Let’s play snakes and ladders. Collaboration snakes and ladders.
Every organization that launches a platform for the purpose of generating conversations across silos and speeding up the sharing of knowledge, whose intent is to make internal collaboration more ‘social’ and thereby more effective, plays this game — whether they realize it or not.
The rules are simple: Wrong move, and down the snake you slide. Right move, up the ladder you go.
In this game though, we're not moving along the board through random chance, the throw of a dice. Here, we make a decision every time we land on a square. Poor decision, down you go. Good decision, onwards and upwards.
And when we reach the end point, the final square, we reap the rewards social collaboration promised — problems solved, connections being made, knowledge moving faster, new opportunities exploited.
In Collaboration Snakes and Ladders everyone can be a winner, so let’s start with some of the big decisions that can determine which direction your social initiative will go.
Do we assign ownership or senior management accountability for the platform?
This early decision will keep you from climbing the ladder until it’s resolved. It’s not uncommon for someone geeky to set up a platform deep in the bowels of an organization and people start to use it. But social collaboration cannot ultimately flourish without proper business acknowledgement and support — just like any other business initiative.
Should we enlist the CEO as our biggest advocate?
Up you go if he or she already is, as reward for all that hard work convincing leadership that this is an important part of the organization’s business strategy. Otherwise back down you go, to do that hard work until you can answer yes.
Social collaboration without a leader declaring, "This is how I expect the organization to work" will always struggle.
Do we have a clear, defined and articulated vision for collaboration?
A vision that says "So we can collaborate better" will bring very few along with you.
A vision connecting it to the organization’s broader goals will help, though not necessarily engage the workforce who often are not motivated by corporate vision.
A vision that stirs individuals to greater efforts in their own role is what you’re looking for. Something more like, "So we can each innovate in our own way for the benefit of the customer." That starts to put a purpose and sharper focus around why we should collaborate, as opposed to just increasing productivity.
People often think collaboration doesn’t need a vision. They’re wrong.
Should we create a community manager role?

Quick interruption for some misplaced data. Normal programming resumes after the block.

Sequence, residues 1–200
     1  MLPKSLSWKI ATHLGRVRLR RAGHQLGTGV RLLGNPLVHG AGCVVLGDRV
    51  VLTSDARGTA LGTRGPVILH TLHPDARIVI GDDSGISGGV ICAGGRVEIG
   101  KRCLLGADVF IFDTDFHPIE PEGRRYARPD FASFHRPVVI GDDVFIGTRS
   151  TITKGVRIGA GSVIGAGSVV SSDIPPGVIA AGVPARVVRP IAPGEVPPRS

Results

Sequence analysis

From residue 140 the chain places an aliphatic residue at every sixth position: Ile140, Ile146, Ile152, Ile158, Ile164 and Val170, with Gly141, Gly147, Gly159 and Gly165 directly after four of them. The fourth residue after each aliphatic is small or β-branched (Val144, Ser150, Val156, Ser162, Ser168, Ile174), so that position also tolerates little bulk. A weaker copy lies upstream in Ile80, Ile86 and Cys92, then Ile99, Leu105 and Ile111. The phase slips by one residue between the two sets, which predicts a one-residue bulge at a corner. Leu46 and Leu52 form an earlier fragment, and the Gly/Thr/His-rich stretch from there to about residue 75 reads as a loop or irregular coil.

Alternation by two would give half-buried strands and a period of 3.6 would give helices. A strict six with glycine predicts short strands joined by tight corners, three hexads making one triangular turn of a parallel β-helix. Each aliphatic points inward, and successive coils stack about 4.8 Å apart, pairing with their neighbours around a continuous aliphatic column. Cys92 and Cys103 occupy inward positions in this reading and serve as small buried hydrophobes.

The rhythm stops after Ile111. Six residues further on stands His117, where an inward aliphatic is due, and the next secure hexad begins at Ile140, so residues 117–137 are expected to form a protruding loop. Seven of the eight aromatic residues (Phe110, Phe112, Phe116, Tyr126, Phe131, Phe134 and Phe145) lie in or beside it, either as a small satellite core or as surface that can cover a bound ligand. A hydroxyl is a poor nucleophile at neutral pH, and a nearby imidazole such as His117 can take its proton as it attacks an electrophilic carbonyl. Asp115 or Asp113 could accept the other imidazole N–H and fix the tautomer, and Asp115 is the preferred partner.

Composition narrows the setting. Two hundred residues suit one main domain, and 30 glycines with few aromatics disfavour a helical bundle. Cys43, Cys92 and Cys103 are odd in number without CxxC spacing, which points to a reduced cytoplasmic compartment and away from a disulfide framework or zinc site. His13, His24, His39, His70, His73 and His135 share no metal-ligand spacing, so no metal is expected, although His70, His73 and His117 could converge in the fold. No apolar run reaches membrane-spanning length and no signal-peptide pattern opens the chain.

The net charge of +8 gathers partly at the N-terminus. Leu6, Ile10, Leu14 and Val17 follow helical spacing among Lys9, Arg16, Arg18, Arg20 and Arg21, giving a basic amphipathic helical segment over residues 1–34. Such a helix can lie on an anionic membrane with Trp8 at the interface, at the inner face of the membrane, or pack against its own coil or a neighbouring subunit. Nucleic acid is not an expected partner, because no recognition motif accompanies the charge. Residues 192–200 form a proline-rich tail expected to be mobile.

This does not mean adding the words "community management" to someone’s existing role. It means approval to create a full-time Community Manager role.
This role can be spread across more than one person, but make sure you've got senior commitment to resourcing the position.
Social collaboration is not just giving staff a nice little Facebook-like app to occasionally post stuff or ask a question. You are trying to generate a whole new way of working. It needs coordination and management — as with any business initiative.
Do we drive all conversations here instead of to closed systems (e.g. email)?
At this point, many of you are probably resigned to sliding back down a few squares. This is one of the most overlooked tactics when deploying social collaboration.
People can become justifiably confused when social is "added" to existing channels, especially email. No one’s suggesting taking email away on day one, if ever (although some forward-thinking organizations have), but make clear that closed channels should only be used in specific cases (when confidentiality is needed, for example). One of the great benefits of social collaboration is that everyone sees the question, everyone sees the answer.
Congratulations, you’re doing well. But don’t relax!
Should we employ a governance structure around our social collaboration platform?
If your answer is "A what?" or you hesitate a few beats too long, down you go a few squares.
We're not referring to IT governance, or software training. This is business governance, though perhaps it could be called guidance: Decisions on what sort of content should go where; what specific features or tools to use and when; helping users understand the role of the platform in the ever-more complex universe of intranet tools. It’s a great way to bring people along on the journey. Another one of those simple, but overlooked, tactics to make your social collaboration initiative work.
And here's one last decision you might not have expected.
Have we changed the sign over our Community Manager’s desk to read "Innovation Manager"?
Before you ask "Why?" ask "Why not?"
Their role will remain essentially the same — they will still broker knowledge and increase the speed with which it flows, facilitate connections, nudge conversations, etc. Yet this simple change of title will strengthen, focus and motivate the role.
Every decision they make, every conversation they steer or energize, every adjustment to the community they make, will have innovation as its driver. Strategically. Tactically. "Is this helping us innovate?" A Community Manager who sees him or herself as an Innovation Manager will be one of your most important social collaboration assets.
We've only touched on some of the bigger decisions likely to send you sliding down a few squares or climbing up towards what I hope are clearly defined, lofty goals. I invite you to add more of your own in the comments section.